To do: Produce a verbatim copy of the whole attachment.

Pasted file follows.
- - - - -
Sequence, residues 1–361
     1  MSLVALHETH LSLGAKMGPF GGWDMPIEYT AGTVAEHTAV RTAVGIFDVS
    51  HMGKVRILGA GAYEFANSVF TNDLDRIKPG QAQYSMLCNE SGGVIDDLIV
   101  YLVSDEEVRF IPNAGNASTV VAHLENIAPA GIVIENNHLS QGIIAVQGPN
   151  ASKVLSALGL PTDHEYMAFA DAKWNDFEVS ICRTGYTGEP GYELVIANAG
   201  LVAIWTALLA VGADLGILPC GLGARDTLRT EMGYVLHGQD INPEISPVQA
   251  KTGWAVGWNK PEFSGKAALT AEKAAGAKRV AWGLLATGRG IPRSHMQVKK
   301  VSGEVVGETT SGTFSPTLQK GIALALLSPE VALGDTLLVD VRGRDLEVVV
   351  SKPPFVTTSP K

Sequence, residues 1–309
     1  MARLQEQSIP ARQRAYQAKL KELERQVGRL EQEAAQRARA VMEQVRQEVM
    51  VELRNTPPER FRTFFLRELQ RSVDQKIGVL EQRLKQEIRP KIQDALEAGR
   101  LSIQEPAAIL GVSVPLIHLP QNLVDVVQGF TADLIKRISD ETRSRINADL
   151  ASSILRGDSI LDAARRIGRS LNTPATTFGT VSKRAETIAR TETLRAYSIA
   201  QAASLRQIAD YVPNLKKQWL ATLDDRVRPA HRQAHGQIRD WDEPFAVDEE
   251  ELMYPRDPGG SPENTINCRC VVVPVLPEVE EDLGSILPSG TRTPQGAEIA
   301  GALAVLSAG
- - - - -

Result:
Sequence, residues 1–361
     1  MSLVALHETH LSLGAKMGPF GGWDMPIEYT AGTVAEHTAV RTAVGIFDVS
    51  HMGKVRILGA GAYEFANSVF TNDLDRIKPG QAQYSMLCNE SGGVIDDLIV
   101  YLVSDEEVRF IPNAGNASTV VAHLENIAPA GIVIENNHLS QGIIAVQGPN
   151  ASKVLSALGL PTDHEYMAFA DAKWNDFEVS ICRTGYTGEP GYELVIANAG
   201  LVAIWTALLA VGADLGILPC GLGARDTLRT EMGYVLHGQD INPEISPVQA
   251  KTGWAVGWNK PEFSGKAALT AEKAAGAKRV AWGLLATGRG IPRSHMQVKK
   301  VSGEVVGETT SGTFSPTLQK GIALALLSPE VALGDTLLVD VRGRDLEVVV
   351  SKPPFVTTSP K

Sequence, residues 1–309
     1  MARLQEQSIP ARQRAYQAKL KELERQVGRL EQEAAQRARA VMEQVRQEVM
    51  VELRNTPPER FRTFFLRELQ RSVDQKIGVL EQRLKQEIRP KIQDALEAGR
   101  LSIQEPAAIL GVSVPLIHLP QNLVDVVQGF TADLIKRISD ETRSRINADL
   151  ASSILRGDSI LDAARRIGRS LNTPATTFGT VSKRAETIAR TETLRAYSIA
   201  QAASLRQIAD YVPNLKKQWL ATLDDRVRPA HRQAHGQIRD WDEPFAVDEE
   251  ELMYPRDPGG SPENTINCRC VVVPVLPEVE EDLGSILPSG TRTPQGAEIA
   301  GALAVLSAG